The Mine Buildings

mine buildings highlighting the victory shaft headgear and timber area

The Mine buildings here at Geevor help us to understand how tin was mined on site in the past. 

There has been mining on this site for thousands of years and the modern company of Geevor was formed in the early years of the twentieth century. Geevor Tin Mine was the largest employer in the area, and one of the biggest tin mines in the country, until it was forced to finally close in 1990 with the crash in the price of tin.


Photograph reproduced with the kind permission of the David Wills collection held by the Geevor Archive


Sub Station

Click to see a larger version of this imagesubstation switchs

From the early 20th century Geevor was electrically powered.

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Hard Rock Museum

Click to see a larger version of this imagehard rock musuem view of the Peninusla of minerals gallery

Hard Rock Museum is a colourful and engaging museum, which will introduce you to the rest of the site.

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Winder House

Click to see a larger version of this imageclose up of winder

There are two winders at Geevor which were used to haul cages of men and skips of ore up Victory shaft. 

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Mine Rescue and First Aid Room

Click to see a larger version of this imageinterior of the mine rescue room displaying breathing apparatus, hard hats and equipment

Geevor had a team of rescuers and first aider’s trained to deal with any kind of accident or fire outbreak. 

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Comment left by owen on 2010-01-28 14:28:33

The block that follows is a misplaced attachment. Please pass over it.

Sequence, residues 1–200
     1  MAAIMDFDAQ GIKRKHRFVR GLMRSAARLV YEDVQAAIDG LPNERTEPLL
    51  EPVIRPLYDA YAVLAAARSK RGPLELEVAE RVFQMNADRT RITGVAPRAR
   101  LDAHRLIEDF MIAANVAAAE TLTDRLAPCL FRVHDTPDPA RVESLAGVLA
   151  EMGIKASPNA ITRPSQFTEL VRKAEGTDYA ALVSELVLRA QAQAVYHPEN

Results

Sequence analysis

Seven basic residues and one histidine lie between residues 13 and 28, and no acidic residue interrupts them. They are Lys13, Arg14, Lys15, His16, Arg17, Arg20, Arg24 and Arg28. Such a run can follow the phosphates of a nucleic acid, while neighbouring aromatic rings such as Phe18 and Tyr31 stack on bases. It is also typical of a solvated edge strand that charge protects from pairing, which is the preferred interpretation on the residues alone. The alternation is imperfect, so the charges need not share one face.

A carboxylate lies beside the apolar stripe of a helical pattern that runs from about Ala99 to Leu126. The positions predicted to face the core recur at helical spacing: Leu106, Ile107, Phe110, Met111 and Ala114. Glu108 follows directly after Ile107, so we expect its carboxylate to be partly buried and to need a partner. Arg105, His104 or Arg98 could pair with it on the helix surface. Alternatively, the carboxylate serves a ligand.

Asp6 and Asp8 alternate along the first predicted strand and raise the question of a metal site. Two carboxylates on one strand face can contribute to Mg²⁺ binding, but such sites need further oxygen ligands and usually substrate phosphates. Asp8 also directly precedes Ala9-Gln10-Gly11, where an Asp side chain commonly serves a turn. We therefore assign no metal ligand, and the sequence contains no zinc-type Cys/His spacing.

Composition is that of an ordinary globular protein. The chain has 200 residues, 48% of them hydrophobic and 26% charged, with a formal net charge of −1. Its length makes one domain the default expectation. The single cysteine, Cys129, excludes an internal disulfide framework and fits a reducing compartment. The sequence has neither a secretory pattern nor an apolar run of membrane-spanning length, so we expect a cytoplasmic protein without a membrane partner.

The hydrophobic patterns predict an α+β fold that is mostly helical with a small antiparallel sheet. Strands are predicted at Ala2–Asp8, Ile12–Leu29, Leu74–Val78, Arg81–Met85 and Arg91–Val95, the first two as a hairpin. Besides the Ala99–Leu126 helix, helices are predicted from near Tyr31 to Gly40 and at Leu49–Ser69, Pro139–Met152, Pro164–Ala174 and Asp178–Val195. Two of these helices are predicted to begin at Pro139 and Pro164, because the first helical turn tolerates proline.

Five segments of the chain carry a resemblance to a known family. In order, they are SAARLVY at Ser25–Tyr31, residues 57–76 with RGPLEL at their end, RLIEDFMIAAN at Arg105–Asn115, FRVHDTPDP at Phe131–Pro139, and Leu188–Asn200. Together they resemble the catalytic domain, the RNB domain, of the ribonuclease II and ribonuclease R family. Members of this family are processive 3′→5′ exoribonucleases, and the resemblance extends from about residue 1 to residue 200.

this website is rubbish

Comment left by colin & christine on 2011-07-11 10:51:07

An amazing place to visit, especially "The dry" so poignant, more pictures please.


Comment left by Business plan software on 2011-10-11 22:17:38

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Comment left by Ben Orchard on 2011-11-22 09:22:59

My father Bob Orchard worked here for many years


Comment left by Cat on 2014-06-15 09:35:11

I was at Geevor in 2010, and I found the Dry very unsettling. In a good way--it was probably my favourite part of the museum. The idea of those clothes and boots and shirts hanging there for twenty-one years, waiting for the men to come back...there was something both touching and haunting about it.


Comment left by Bob Orchard on 2016-08-27 07:11:11

The original substation was the building that is now the mine shop. 11,000 Volt power via underground cable from the Trewellard substation did not happen until the mid 1970's


Comment left by Bob Orchard on 2016-08-27 07:14:20

The 11,000 Volt three phase power lines (two sets) from Hayle to Geevor were known as "Geevor black" & "Geevor white"


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